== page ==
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Free Virtualization Software

by Steve Wiseman on November 30, 2012 · 7 comments

in Free,Microsoft,Utility


Over the Thanksgiving holiday I found myself in a situation where I wanted to test some software (Dad wanted to install some free stuff, but I thought it might have spyware)…but I didn’t want to clutter the computer with the junk that might come with it.

I thought about downloading a copy of VMWare. It would be the perfect way to test things out, and then when I was done I could just delete the virtual machine.

VMWare Logo

I have a license for VMWare Workstation, but since I was out of the office I didn’t have any of my license info. Thinking back now I could have used their 30 day trial…but I would have never had a chance to try VirtualBox.

VirtualBox Screen Shot

VirtualBox is a free alternative to VMWare, and Microsoft’s Hyper-V.

It has been years since I looked at it – I am blown away by its functionality, and how smoothly it runs.

The first thing that surprised me is that while installing Windows 7 on my VirtualBox, I didn’t have to install any special mouse or video drivers. Yes, they do have their own guest drivers – but out of the box the mouse was working smoothly.

After Thanksgiving, I decided to look at VirtualBox more carefully to see what it could do.

The next test for me was Windows 8. Many of the slightly older VM solutions cannot handle the changes in Windows 8. I was able to install it without a hitch.

It has all of the features you would expect:

-Mount an ISO as a DVD/CD

-Shared clipboard

-Bridged network, or NAT

-EFI Support

-Audio Redirection

This tiny list does not even scratch the surface of what is possible. You can view the user guide here.

My favorite feature is the remote display system. VirtualBox has its own RDP server. This means you can use the remote desktop client to connect remotely.

Just go to the display settings of your virtual machine. Enable the remote display, and pick a high port that is different than 3389 (So it does not conflict with your own RDP port). In my case I used 33388:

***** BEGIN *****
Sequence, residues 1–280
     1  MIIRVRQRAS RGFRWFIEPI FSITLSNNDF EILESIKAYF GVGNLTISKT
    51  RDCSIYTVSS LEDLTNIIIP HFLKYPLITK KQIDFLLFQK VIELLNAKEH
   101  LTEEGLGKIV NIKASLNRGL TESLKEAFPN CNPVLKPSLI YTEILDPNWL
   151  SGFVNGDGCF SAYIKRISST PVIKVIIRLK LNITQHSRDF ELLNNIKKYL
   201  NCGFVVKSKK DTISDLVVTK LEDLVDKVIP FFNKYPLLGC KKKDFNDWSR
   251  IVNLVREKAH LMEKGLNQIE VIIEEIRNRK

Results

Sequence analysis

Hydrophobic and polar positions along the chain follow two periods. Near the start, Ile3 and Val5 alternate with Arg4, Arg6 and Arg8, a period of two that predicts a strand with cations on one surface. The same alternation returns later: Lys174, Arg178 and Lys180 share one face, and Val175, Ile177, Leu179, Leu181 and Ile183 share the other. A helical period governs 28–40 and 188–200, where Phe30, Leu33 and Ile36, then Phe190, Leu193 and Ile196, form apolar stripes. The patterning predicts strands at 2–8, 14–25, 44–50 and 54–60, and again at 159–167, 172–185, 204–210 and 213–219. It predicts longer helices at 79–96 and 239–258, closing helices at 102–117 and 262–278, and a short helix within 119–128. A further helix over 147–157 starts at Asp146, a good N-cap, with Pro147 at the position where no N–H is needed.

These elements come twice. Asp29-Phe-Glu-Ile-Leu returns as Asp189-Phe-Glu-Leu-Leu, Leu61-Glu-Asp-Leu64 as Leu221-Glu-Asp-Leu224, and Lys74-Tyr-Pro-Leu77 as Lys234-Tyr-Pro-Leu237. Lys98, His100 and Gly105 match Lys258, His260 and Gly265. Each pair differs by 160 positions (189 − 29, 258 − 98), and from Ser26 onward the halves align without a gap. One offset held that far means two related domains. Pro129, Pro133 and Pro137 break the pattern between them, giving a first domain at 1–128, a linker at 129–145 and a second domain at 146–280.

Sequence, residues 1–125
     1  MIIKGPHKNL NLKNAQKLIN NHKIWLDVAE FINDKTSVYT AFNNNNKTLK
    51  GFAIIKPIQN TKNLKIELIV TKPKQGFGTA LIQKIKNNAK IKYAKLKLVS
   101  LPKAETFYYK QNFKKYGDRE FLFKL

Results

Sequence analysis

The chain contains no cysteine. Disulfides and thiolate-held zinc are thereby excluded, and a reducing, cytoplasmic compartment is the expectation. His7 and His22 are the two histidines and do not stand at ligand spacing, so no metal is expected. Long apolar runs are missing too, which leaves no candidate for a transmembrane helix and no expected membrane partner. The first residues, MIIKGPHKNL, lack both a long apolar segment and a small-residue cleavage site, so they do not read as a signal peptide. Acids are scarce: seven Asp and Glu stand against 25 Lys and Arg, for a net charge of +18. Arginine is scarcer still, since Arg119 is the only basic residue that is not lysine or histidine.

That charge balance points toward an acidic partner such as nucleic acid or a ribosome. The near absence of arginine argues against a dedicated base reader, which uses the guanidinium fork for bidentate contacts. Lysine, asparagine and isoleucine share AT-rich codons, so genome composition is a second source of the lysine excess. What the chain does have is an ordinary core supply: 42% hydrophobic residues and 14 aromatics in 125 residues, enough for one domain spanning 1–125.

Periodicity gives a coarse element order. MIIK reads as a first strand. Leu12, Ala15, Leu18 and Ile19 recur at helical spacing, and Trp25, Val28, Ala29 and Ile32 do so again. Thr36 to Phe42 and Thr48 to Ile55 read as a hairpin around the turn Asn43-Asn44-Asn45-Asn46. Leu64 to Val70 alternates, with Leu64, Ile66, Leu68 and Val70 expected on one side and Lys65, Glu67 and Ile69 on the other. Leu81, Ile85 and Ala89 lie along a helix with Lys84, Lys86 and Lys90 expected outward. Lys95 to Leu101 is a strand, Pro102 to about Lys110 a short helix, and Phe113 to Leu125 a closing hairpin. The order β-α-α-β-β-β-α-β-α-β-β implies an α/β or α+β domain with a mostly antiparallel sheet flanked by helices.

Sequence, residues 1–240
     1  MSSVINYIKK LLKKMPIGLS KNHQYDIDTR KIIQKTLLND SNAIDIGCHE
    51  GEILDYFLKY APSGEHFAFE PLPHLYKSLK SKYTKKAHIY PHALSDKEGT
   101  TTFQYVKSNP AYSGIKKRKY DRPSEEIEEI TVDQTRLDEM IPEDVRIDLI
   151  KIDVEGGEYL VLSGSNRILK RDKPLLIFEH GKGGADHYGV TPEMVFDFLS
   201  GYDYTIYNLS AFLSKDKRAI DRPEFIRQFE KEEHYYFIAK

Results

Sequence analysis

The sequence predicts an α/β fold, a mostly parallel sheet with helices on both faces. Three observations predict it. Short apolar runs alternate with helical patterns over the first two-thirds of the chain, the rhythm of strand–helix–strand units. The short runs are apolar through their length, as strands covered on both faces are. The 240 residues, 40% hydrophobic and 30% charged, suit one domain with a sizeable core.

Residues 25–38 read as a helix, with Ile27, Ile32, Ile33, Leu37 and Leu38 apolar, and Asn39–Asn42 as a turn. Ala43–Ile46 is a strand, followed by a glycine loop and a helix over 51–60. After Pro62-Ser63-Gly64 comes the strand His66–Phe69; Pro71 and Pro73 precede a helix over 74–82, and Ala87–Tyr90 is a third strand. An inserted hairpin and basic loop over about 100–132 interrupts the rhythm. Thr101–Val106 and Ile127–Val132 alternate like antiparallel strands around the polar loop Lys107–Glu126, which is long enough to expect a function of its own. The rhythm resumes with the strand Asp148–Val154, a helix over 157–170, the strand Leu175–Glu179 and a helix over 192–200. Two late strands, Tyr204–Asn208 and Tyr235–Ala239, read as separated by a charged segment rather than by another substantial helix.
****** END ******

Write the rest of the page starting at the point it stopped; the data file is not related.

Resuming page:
Virtual Box RDP Settings

Then, when you want to connect…just specify the port like this:

Virtual Box RDP Connection

The IP address is the IP of the computer running VirtualBox – not your guest. This is great in situations where you have different network settings on the guest, or don’t even have RDP (Windows XP Home, or Windows 2000).

Just hit connect, and you are on the machine in seconds.

You can download VirtualBox from here:

The license allows you to use the free version in a commercial setting. The only exception is if you are going to use it as a service provider, or you are going to deploy it across your network – then they ask that you purchase a license.

Another thing to note – I have not had a chance yet to measure performance against VMWare and Hyper-V. So I am not sure how it matches up.

Still, from what I see so far – it is worth taking a look.

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{ 7 comments… read them below or add one }

1 Jennifer December 1, 2012 at 12:00 am

Great stuff steve. We have been using ESX here for quite some time. Will be giving virtual box a try.

2 Michael Allen December 2, 2012 at 7:24 pm

Hi Steve,

I have been using Virtual Box for a while after I switched from Microsofts Virtual PC 2007. I use it for the packaging of applciations in VM ThinApp as well as testing. What I like is the portable version of it. It allows me to take my images with me, eg when I move roles or need to test something quickly on another PC. Check out if your interested.

3 Phil December 2, 2012 at 7:43 pm

Not to say anything bad about VirtualBox, which I have not tried, but the latest version of the free VMWare Player (v5) has no problem with Windows 8.

4 Steve Wiseman December 2, 2012 at 9:36 pm

Hi Phil,

Thanks for the post. I forgot about VMWare Player. I will need to take another look at it.


5 Steve Wiseman December 2, 2012 at 9:37 pm

Hi Michael,

Always good to hear from you. I will definitely check it out. Thanks!


6 Michael Long December 7, 2012 at 6:21 pm

I too discovered VirtualBox as an alternative to VMware Workstation and was also very impressed. The only feature that I miss (a little) is the ability to drag and drop files between the host and the VM. With VirtualBox you can transfer files via the shared folders feature. Not as convenient but not dramatic.

7 George January 6, 2013 at 9:32 pm

I too use Oracle Virtual Box 4.2.
I have installed on Open Suse, Fedora, Ubuntu Linux and Windows XP Pro. It is a great tool to have around the computer room to test a lot of software.

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